I go on a trip to Indin and see 6 Brigade battle in progress. More corpses than I have ever seen in previous battles, and a “T” out, though I feel the wrong end is facing the enemy. I go up to Rama and see Carruthers and W/C Forbes about our move up to ‘Lyons’. (JDW: a landing ground). I fly back here and am head over heels in ‘organising’ things. Bud Rose comes down, and comes round last night for a drink. We get awful tight and confidential!
Tom Pierce returns to Ranchi. Damn hot and sticky down here. The Japs surround 6 Brigade, capture Brigadier Cavendish, and they have to fight their way out to Kyankpandu. Several burnt bodies visible.
An air raid on Maungdaw the other afternoon. I see ten (Army 99s?) through my (field) glasses and a lot drops on Maungdaw.
JDW (From the BBC archive)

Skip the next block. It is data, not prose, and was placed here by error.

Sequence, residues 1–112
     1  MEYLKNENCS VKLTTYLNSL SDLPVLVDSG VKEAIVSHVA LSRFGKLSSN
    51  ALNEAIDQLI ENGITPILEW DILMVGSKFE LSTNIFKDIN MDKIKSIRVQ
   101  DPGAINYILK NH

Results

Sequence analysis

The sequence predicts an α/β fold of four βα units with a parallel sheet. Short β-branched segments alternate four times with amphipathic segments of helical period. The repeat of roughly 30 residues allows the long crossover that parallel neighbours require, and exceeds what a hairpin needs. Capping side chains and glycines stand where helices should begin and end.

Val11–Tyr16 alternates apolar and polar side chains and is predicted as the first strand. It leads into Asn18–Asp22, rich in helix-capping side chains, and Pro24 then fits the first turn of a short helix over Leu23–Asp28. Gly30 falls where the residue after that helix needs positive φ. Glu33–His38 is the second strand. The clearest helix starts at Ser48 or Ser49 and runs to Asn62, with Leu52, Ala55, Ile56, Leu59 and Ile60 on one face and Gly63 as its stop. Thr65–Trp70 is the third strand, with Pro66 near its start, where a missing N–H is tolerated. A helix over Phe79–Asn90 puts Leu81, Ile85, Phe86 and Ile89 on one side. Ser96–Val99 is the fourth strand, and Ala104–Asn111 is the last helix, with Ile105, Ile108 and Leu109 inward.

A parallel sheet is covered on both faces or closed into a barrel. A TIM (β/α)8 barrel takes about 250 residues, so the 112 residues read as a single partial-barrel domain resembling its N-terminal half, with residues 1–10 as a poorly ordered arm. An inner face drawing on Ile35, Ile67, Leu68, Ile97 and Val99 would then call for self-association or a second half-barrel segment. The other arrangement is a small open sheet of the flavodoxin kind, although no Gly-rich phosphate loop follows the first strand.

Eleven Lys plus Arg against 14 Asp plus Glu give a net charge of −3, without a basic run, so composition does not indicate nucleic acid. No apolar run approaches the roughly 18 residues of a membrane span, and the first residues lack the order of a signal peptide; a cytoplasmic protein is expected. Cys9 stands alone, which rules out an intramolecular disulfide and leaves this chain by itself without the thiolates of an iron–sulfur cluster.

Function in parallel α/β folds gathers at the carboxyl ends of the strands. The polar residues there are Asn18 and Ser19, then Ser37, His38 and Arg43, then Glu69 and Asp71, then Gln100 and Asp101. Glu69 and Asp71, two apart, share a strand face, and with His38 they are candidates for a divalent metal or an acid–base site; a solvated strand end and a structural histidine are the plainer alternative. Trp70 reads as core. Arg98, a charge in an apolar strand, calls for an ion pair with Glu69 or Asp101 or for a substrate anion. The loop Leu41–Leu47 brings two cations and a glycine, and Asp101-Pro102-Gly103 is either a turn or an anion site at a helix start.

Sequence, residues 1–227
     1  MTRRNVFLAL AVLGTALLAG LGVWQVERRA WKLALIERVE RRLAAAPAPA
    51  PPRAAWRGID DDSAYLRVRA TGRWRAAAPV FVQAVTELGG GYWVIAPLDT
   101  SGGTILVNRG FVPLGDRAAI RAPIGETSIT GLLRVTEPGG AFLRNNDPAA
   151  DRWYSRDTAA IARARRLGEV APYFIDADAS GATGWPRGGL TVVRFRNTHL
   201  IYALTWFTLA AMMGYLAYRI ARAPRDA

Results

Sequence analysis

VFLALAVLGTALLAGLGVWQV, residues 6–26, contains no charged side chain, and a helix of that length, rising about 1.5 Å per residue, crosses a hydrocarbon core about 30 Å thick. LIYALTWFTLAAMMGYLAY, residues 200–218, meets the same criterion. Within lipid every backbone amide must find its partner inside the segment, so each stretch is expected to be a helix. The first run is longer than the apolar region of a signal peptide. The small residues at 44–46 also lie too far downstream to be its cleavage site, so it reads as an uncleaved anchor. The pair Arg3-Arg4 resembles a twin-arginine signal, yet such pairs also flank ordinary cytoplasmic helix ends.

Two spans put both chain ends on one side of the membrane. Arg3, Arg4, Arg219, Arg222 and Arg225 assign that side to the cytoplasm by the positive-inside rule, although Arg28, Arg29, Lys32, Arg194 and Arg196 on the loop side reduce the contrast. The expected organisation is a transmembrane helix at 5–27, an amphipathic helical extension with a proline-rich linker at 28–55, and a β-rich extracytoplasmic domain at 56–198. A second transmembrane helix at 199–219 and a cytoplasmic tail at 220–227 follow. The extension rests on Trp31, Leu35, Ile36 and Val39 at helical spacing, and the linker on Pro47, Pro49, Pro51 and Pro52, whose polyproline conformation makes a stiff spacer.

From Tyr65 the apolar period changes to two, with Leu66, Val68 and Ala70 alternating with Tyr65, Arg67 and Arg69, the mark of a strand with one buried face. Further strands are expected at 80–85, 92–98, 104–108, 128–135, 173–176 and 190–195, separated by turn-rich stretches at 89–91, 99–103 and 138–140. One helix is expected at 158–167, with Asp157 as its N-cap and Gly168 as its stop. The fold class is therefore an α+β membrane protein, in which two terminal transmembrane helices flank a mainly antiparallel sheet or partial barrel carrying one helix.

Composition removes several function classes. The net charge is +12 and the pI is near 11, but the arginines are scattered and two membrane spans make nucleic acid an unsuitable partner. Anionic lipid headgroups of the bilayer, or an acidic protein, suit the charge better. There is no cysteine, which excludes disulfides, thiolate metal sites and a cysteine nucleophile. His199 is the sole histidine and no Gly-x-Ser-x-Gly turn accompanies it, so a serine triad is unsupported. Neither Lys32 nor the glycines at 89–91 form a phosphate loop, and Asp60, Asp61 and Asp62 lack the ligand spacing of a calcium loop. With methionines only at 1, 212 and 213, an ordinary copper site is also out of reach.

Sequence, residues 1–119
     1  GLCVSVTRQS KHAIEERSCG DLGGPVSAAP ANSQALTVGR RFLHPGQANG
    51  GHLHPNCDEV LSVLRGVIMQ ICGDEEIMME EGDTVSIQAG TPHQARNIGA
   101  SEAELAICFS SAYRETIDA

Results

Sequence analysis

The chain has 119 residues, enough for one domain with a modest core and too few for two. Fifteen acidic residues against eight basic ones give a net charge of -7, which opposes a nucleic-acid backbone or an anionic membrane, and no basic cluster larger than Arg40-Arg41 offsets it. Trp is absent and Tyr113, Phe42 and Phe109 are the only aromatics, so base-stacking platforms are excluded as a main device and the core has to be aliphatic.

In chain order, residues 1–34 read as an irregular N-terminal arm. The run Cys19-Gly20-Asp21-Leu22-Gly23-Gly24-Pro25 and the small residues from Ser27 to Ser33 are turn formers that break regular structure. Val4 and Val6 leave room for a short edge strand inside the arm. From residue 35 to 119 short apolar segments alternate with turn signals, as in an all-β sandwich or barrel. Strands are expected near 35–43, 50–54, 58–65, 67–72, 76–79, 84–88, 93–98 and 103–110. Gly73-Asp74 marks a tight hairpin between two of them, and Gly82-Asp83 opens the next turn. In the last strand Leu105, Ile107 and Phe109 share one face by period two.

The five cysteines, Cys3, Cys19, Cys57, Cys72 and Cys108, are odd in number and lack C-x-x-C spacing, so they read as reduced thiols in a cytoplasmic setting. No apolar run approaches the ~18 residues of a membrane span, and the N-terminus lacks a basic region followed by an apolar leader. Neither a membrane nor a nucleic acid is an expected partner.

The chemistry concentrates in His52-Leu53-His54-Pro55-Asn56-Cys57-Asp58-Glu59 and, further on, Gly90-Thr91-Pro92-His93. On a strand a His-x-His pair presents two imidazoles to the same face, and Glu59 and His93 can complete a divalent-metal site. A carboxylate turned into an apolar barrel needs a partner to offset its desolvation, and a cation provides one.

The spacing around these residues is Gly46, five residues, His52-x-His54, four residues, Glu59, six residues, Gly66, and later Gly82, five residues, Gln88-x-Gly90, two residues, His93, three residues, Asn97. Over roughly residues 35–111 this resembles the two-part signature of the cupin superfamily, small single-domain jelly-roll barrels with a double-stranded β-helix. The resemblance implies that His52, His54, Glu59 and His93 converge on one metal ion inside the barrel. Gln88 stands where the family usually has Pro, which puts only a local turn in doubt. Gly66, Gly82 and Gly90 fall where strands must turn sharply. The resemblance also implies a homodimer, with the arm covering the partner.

In early April 1943, the 6th Infantry Brigade was strung out north and south of the Brigade Headquarters in the Burmese Arakan peninsular when the Japanese attacked across the Mayu Ridge. With his village headquarters about to be overrun, Brigadier Cavendish issued two significant orders. His young and agile staff (at 47 he was neither) were to evacuate the area and make their escape as best they could; thereafter, the area was to be regarded as hostile territory and the commander of the artillery regiment nearby was to “blast anything that moved without question”. The Japanese were jubilant to capture a brigadier. News was flashed to Tokyo and Tokyo Rose announced it over the air, but the triumph was to be short-lived. Next morning, 6th April, Ronald Cavendish accompanied his unwitting captors onto the village square, he alone knowing what was to come. The British Artillery carried out their orders and shelled them. Back at their home in Middleton, Mrs Cavendish was told that her husband was missing, but she knew in her heart he was dead. Two and a half years later, before he died by his Bushido code, the Japanese general described him as “a very brave and admirable gentleman”. Nowadays, after 60 peaceful years, the accolade ‘hero’ is awarded for mere sporting achievement. Ronald Cavendish was a real hero in two world wars; but his life and exploits still await the biography they deserve.